"Then it disappeared into the night.  I quickly alerted guards in the direction the cat had gone, and began to breathe once more.

   "I guess it wasn't very hungry."

15Jan68-Good Night's Sleep on a Mine

   TAM KY, VIETNAM (IO) - When an infantryman is tired he can sleep just about anywhere.  For 1st Lt. Roger Ladd of Modesto, Calif., this included sleeping on top of a "bouncing betty" mine.  It wasn't until the next afternoon that his dangerous bed was discovered.

   Ladd's platoon, the reconnaissance platoon of the 1st Bn. 35th Inf., 4th Div., had been operating as a blocking force the first day and found a good night location, an LZ that they considered to be safe.

   They used the normal precaution in checking the area and then began to set up for the night.  Ladd laid out his gear, inflated his ir mattress and settled it on the mine.  It didn't detonate.

   Nor did it detonate the next morning when the platoon moved out.  The mine went

undiscovered until the platoon returned.  

   Ladd went back to his sleeping area, not realizing how much his luck had already been pushed.  But this time, as he laid down his rucksack, he noticed the mine's characteristic three prongs.  Some of the camouflage had been knocked away.   

   The mine was detonated in place and Ladd spent the night in that very spot because, as he put it, "It was the one spot around here I knew was safe!"

15Jan68-Photo Caption

  Blast Puts GI Out of Uniform

  Spec. 4 Steve Johnson of Newark, N.J., almost had his pants ripped off by an explosion.  Johnson, a machine gunner, pauses along a ridge with another trooper during a battle in the Que Son Valley, south of Da Nang in northern South Vietnam.  (S&S Photo by John Olson).

16Jan68-Photo Caption - Another Kind of Clipper

   Troopers of the 1st Air Cav. Div take time out for a haircut at a landing zone 20 miles south of Da Nang.  The pile of 40mm shell casing to the foreground were left when the U.S. troops beat back an attempt by Communists to overrun the camp last week.  (UPI Radiophoto)


16Jan68-Weather Hampers Air Raids

   S&S Vietnam Bureau

   SAIGON - Low cloud cover, limited visibility  and rain showers hampered air missions over North Vietnam Saturday, and prevented accurate bomb damage assessment.

     ......Marine pilots from Chu Lai and Da Nang hit artillery positions north of the DMZ and an artillery position just north of Con Thien.  They also struck at truck traffic north of the Dong Hoi, touching off several secondary explosions.


16Jan68-Photo Caption - Hurler for 1st Air Cav. Div.

   As one trooper throws a grenade, another lays down covering fire at dug-in North Vietnamese troops.  The action took place in Quang Tin Province where the 1st Air Cav. Div.'s 3rd Brigade is conducting Operation Wallowa.  (USA)

16Jan68-3 Services, 2 Nations Team To Give Marine Hospital Help

   CHU LAI, Vietnam (IO) - During Task Force Oregon operations last spring in the southern part of the I Corps Tactical Zone, Army doctors nurses and medics worked  alongside Navy and Korean medical personnel in a Marine hospital here.

   The integration of Army medical specialists has reportedly turned the hospital into one of the best staffed medical facilities in Vietnam.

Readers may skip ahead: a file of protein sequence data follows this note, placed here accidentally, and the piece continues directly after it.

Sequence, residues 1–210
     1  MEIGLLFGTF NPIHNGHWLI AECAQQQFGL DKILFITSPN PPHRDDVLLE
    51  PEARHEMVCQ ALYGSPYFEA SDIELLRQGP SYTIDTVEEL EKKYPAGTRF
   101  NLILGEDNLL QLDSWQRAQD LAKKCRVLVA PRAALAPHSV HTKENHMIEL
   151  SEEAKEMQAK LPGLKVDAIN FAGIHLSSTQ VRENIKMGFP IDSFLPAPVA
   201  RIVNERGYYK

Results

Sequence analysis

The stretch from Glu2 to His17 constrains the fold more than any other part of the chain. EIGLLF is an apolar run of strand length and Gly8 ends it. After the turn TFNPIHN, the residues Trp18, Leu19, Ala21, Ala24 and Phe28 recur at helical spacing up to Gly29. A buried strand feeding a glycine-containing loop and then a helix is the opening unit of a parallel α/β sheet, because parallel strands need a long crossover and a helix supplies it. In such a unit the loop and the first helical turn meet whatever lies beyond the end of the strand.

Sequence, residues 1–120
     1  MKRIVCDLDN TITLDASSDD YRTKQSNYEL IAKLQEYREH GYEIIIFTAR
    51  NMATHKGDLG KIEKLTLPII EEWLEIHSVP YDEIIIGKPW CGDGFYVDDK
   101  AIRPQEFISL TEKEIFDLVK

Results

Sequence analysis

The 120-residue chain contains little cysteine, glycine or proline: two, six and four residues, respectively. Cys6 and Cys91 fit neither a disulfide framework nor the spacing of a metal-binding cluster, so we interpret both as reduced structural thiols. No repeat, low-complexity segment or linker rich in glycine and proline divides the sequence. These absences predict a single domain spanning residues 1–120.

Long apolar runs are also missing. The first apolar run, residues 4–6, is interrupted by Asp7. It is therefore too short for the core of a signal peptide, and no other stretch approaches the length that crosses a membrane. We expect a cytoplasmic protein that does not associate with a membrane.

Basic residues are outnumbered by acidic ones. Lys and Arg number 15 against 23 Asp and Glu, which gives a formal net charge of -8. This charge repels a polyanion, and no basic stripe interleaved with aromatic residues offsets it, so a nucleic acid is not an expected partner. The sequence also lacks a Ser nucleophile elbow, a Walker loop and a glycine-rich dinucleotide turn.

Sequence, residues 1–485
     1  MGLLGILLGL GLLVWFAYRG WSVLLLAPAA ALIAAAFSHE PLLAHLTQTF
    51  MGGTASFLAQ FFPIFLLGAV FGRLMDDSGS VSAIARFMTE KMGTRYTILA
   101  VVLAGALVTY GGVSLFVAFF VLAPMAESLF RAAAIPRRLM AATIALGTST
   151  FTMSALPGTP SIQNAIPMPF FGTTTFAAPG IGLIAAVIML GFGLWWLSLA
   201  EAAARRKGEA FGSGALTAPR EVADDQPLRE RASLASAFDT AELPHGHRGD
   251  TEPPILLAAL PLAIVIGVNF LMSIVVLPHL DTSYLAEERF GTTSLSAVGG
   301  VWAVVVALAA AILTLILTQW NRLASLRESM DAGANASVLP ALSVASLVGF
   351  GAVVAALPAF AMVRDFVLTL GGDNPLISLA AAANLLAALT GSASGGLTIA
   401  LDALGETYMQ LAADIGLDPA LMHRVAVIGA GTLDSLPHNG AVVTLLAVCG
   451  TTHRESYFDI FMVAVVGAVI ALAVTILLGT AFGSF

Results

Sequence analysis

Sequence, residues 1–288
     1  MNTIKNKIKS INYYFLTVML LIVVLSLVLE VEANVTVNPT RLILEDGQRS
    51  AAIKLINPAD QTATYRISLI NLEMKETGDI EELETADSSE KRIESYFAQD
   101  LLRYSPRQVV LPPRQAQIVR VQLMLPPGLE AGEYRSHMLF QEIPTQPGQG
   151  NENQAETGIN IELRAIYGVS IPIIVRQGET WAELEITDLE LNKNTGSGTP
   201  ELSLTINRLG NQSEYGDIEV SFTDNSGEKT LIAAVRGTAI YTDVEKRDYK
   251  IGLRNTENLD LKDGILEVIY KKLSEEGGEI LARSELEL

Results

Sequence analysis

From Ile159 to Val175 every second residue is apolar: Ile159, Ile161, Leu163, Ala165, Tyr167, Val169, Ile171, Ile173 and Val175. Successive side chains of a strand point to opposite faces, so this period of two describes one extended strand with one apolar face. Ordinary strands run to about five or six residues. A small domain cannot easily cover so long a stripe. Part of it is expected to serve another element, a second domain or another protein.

When casualties from the operations began to filter into the 1st Hospital Co., 1st Marine Div., at Chu Lai, and it was learned that Army personnel would be assigned to the hospital, some concern was expressed.  As it turned out, one hospital official said, "We're all working for the same thing - to save lives."

   The Army added to the hospital's staff of eye surgeons, and oral surgeons and provided the only neurosurgeon in the Chu Lai area, Capt. Edward Katz, Hartford, Conn., handles 15-20 neurosurgery cases monthly at the hospital.

   According to one hospital official, the 1st Hospital Co. is probably the only place in Vietnam where doctors from three services in two countries could be face to face over the operating table at one time.

   The patients are just as varied as the staff.  Not only are U.S. Army, Navy and Marine Corps personnel treated there, but many of the patients come from the ROK Marine Corps and Vietnamese Army.

   Navy Cmdr. James S. Moughon, Pensacola, Fla., commanding officer of the company, said, "This is a United Nations hospital if there ever was one."

   The 1st Hospital Co. has never been a completely one-service organization since the U.S. Marine Corps has no doctors of medical corpsmen  but is supported by Navy medical personnel.  Marines provide security and other support for the hospital.

   While their uniforms are different, they all work for the same purpose, Army Capt. C. K. Peavy, Jasper, Tex., medical affairs officer at the hospital, said rivalry between the services is "nonexistent."

   One of the better equipped field hospitals in Vietnam, an average of more than 360 patients are admitted each month.  Since last April more than 1,400 major operations have been performed.

   Although a great number of these cases are serious battle injuries, the rate of death once a patient reaches the hospital is far less than one percent, hospital officials reported.

17Jan68(Wed)- Arms Cache Found

   CHU LAI, Vietnam (IO)

--Elements of Americal Div.'s 196th Inf. Brigade uncovered one of the largest weapons and ammunition caches ever found in I Corps area recently, 17 miles west of Tam Ky.

   A Co.., 3rd Bn., 21st Inf., captured 140 weapons and destroyed tons of enemy ammunition in the brigade's largest discovery since it has been in Vietnam.

   The weapons found by the battalion, which is commanded by Lt. Col. Allen R. Champlin, of Fayetteville, N.C., increased the total number of weapons captured by the "Chargers" to 253 in Operation Wheeler/Wallowa.